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Spots, flashes and floaters

Floaters are a common sight for many people. The term is a catchall for the specks, threads, or cobweb-like structures in your vision.

As we age the vitreous slowly shrinks becoming a bit stringy as it breaks up. These strands can cast shadows on the retina, causing us to see eye floaters. The shrinking vitreous can tug on the retina and pull away from it. This event, called a posterior vitreous detachment, is common, and usually doesn’t threaten vision.

Signs of trouble

  • Sudden onset of floaters, often with flashes.
  • A “swarm” of little floaters like a group of dusty specs in your vision.
  • A sudden change in what an old floater looks like, or lots of new ones.
  • Gradual shading or dimming of vision from one side (like a curtain being drawn across).
  • Rapid decline in sharp, central vision.
  • Wrinkles and wobbles in your vision.

Floaters and flashes can signal a condition that can lead to vision loss and can be a sign of traction pulling on the retina which may cause the retina to tear, separate or detach and can lead to permanent vision loss. Retinal tears and detachments are painless, so you don’t feel them happening.

Because there is little difference between what safe floaters and more serious ones look like, it is important to have your eye carefully examined promptly. It is important to get this done as soon as possible because retinal injury can be successfully repaired if caught in time.

The optometrist will make time to see you as soon as possible and will need to use eyedrops that dilate your pupils to properly examine your eyes.

What are floaters?

Floaters are strands or dark blobs that seem suspended in your vision. They often seem to bob and float in front of you and will probably swish around as you move your eye. They can be subtle and barely noticeable or visually devastating. They can appear gradually or suddenly and may be single or multiple.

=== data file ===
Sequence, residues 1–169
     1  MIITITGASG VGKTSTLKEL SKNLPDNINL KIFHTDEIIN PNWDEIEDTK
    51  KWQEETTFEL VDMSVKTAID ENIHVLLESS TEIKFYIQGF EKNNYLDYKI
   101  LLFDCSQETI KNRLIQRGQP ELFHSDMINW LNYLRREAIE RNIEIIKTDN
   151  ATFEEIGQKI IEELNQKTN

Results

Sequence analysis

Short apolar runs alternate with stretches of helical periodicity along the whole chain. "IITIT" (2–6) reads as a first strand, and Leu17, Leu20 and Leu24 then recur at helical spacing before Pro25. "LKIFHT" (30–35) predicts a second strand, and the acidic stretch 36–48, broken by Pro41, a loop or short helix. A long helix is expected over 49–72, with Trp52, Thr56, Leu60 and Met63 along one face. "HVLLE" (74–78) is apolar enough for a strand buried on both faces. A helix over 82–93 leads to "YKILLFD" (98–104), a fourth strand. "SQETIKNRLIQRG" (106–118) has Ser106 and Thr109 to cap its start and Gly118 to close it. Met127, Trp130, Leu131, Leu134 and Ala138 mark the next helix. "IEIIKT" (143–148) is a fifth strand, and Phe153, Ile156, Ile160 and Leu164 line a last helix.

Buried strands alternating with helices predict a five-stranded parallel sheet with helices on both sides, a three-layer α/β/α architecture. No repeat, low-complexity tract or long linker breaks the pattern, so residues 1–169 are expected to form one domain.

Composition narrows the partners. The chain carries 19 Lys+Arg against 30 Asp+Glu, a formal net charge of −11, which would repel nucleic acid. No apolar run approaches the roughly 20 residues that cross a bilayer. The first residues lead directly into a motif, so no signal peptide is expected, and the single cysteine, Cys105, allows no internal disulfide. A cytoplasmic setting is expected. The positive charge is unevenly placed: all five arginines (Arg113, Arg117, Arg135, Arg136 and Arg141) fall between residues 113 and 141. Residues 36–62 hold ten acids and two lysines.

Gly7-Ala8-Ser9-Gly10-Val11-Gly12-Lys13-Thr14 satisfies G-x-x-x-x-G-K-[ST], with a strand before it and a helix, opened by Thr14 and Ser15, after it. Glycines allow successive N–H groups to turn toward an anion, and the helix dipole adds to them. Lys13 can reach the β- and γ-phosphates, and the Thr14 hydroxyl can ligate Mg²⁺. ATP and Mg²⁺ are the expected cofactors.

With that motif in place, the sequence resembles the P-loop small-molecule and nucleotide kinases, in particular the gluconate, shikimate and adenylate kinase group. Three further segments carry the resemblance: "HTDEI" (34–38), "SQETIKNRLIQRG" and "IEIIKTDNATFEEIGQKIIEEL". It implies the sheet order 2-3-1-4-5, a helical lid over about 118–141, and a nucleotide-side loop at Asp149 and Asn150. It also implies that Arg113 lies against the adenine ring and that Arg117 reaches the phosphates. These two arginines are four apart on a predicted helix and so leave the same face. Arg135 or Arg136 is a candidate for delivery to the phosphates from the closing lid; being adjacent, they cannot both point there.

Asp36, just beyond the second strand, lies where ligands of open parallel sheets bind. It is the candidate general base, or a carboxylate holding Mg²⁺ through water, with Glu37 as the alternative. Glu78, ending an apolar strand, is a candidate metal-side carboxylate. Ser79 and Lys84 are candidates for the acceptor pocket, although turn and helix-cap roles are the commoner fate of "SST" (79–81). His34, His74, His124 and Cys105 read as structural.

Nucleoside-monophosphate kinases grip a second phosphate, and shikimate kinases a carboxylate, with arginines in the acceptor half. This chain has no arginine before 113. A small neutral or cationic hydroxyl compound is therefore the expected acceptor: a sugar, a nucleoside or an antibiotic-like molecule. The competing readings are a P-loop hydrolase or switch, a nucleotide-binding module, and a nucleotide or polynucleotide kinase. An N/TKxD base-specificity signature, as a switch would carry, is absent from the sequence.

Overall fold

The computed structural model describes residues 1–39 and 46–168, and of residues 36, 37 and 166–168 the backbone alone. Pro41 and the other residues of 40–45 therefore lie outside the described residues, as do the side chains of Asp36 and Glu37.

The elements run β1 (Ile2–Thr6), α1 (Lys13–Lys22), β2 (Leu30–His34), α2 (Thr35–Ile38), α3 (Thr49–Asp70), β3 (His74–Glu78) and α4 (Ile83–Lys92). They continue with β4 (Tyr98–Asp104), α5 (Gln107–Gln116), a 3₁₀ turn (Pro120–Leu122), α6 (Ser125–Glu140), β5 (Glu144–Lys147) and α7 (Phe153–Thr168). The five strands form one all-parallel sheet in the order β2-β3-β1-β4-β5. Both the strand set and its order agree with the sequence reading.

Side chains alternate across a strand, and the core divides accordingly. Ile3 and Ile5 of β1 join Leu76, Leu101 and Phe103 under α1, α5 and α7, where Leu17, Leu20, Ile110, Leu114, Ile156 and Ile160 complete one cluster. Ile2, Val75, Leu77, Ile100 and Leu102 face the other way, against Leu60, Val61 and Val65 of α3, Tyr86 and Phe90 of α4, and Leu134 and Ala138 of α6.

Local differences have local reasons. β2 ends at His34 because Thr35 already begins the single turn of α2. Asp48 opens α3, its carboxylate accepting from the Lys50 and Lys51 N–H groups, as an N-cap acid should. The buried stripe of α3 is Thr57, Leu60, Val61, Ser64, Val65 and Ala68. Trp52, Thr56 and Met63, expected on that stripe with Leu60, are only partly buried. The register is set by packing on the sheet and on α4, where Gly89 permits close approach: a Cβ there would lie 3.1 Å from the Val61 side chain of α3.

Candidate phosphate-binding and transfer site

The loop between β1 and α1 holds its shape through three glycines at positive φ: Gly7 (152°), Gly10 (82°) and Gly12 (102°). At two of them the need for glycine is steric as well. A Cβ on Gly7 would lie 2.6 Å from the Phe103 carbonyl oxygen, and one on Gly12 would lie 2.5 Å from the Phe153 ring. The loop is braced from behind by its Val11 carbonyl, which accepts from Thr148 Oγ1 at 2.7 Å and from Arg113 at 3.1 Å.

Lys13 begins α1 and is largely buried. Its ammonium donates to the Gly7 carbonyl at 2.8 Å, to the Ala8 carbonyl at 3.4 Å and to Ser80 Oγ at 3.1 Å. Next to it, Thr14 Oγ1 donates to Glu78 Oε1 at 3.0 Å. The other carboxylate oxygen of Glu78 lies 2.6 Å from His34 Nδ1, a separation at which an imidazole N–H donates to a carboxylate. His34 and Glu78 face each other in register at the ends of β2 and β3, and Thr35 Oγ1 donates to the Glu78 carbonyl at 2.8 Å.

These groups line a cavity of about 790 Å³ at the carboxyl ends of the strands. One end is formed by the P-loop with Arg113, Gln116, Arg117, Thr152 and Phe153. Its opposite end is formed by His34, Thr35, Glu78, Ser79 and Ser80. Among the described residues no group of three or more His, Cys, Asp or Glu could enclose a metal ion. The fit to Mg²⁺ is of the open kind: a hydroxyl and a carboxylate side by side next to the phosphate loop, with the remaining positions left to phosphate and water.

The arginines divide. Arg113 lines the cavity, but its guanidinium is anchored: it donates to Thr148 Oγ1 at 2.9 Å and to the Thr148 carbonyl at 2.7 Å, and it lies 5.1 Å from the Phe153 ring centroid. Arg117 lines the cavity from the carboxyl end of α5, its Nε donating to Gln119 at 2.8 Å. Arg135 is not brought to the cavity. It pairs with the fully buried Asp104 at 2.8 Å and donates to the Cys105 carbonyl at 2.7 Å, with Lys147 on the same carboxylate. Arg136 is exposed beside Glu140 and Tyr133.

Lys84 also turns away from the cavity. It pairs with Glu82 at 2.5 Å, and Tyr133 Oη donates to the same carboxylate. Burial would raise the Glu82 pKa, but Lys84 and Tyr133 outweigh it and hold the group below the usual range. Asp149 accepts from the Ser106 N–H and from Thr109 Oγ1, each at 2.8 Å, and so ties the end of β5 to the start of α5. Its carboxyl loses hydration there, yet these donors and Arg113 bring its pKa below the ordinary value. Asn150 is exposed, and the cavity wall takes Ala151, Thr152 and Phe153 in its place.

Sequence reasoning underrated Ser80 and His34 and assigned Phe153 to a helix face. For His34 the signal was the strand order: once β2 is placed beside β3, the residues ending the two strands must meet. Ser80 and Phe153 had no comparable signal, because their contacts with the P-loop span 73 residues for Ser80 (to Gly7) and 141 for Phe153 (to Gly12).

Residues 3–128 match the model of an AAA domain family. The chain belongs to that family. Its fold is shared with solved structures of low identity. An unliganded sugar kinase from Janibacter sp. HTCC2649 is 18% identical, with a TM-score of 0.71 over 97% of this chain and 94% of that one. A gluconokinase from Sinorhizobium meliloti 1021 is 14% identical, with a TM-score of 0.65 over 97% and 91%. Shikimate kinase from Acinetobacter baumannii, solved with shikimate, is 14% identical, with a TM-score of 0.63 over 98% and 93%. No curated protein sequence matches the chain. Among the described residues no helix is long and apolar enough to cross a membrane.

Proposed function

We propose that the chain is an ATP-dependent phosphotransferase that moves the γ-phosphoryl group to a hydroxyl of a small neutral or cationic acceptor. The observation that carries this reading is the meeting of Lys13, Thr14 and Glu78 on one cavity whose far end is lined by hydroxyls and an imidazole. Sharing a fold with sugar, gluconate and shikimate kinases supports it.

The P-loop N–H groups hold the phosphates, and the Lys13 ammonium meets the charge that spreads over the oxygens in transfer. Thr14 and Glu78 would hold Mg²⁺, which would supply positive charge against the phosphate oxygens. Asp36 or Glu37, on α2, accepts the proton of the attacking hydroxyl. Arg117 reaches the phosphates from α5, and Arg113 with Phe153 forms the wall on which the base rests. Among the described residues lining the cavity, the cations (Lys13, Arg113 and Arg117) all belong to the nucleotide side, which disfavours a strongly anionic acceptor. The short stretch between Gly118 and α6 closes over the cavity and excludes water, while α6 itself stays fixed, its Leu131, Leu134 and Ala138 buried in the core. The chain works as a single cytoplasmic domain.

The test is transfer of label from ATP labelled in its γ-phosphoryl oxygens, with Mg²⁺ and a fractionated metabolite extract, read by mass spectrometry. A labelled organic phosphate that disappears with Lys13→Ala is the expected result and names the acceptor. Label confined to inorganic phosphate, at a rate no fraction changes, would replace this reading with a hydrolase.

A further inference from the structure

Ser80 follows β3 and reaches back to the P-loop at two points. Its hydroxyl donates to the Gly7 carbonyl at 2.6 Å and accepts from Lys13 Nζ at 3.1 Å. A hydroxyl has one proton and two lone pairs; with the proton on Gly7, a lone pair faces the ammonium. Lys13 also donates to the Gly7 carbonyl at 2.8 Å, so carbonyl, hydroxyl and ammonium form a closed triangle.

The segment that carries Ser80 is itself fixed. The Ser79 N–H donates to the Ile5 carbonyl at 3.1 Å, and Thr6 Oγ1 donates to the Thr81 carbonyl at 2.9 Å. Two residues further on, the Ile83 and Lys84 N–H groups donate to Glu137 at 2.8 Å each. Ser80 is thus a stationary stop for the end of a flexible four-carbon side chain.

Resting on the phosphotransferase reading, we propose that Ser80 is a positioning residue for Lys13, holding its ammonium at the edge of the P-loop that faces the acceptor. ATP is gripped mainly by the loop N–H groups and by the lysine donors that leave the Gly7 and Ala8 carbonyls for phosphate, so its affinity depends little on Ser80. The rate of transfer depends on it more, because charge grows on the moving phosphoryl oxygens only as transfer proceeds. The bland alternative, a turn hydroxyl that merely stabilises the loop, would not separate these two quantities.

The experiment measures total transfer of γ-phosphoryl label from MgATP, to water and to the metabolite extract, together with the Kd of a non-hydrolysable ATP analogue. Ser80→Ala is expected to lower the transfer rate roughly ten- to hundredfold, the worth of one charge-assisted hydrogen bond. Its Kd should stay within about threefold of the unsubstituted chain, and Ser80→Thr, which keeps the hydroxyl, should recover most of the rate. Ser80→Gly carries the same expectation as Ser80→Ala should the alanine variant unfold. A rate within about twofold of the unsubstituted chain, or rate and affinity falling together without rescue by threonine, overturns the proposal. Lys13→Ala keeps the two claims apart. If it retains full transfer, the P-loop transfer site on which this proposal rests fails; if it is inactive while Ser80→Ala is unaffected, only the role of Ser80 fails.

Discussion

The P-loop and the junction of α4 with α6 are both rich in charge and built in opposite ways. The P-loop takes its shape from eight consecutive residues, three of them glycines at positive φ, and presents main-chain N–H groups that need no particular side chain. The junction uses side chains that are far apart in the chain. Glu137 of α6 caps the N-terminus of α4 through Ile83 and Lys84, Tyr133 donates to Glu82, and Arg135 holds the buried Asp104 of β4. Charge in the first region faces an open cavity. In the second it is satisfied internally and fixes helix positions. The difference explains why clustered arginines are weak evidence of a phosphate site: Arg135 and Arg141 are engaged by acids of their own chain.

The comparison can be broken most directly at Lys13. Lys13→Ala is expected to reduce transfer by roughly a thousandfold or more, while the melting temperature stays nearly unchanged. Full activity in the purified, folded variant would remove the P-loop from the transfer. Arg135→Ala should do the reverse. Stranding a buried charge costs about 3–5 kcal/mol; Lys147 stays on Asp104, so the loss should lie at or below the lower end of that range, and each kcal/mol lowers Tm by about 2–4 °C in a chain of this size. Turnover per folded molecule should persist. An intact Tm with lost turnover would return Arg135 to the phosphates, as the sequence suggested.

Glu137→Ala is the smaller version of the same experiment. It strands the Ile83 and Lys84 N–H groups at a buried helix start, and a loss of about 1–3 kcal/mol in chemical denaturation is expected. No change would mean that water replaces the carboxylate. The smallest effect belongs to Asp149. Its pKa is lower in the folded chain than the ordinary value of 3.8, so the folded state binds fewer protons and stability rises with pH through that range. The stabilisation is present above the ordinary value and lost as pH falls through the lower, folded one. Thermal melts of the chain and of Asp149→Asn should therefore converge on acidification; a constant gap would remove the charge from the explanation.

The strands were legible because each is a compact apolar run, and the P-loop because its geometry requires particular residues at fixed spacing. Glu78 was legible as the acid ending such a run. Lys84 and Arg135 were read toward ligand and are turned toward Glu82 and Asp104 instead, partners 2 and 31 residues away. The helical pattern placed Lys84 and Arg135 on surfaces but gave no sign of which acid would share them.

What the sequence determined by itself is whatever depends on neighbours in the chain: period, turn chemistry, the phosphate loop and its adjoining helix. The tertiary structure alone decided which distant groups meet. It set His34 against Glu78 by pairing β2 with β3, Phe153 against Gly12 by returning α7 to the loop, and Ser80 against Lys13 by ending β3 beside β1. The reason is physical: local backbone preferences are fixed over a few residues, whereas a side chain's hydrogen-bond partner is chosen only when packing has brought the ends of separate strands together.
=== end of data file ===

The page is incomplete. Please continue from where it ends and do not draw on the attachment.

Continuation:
What you are seeing are shadows from condensations, folds and opacities in the clear gel (vitreous humour) behind your pupil inside your eye. They are inside your eye!

Who can get floaters?

Floaters appear more commonly in people who are myopic (short sighted), who have had cataract surgery or a previous eye injury, as well as people with diabetes but anyone can get them. Most people learn to tolerate floaters, but some do find them a nuisance. They are distracting and disrupt your ability to read.

Floaters move as your eyes move. They appear to zoom away when you try to look directly at them, and typically drift slowly back when your eyes stop moving.

What are flashes?

Eye flashes are sparks, strands, or arcs of light that flicker across your visual field. These occur when the vitreous gel bumps, rubs, or tugs against the retina. Like floaters, flashes are generally harmless and require no treatment. Although they can be a warning sign of trouble particularly when they appear suddenly or become more plentiful.

Living with floaters

If your floaters aren’t a sign of retinal damage above, they often disappear completely or become less noticeable. Sometimes ophthalmologists perform surgery or laser treatment for benign floaters when they are very disruptive to vision. But for most people the risk to vision of the surgery is greater than the problem posed by the floater. If floaters become a nuisance, moving your eyes up and down, or left and right can shift the floater and provide temporary relief.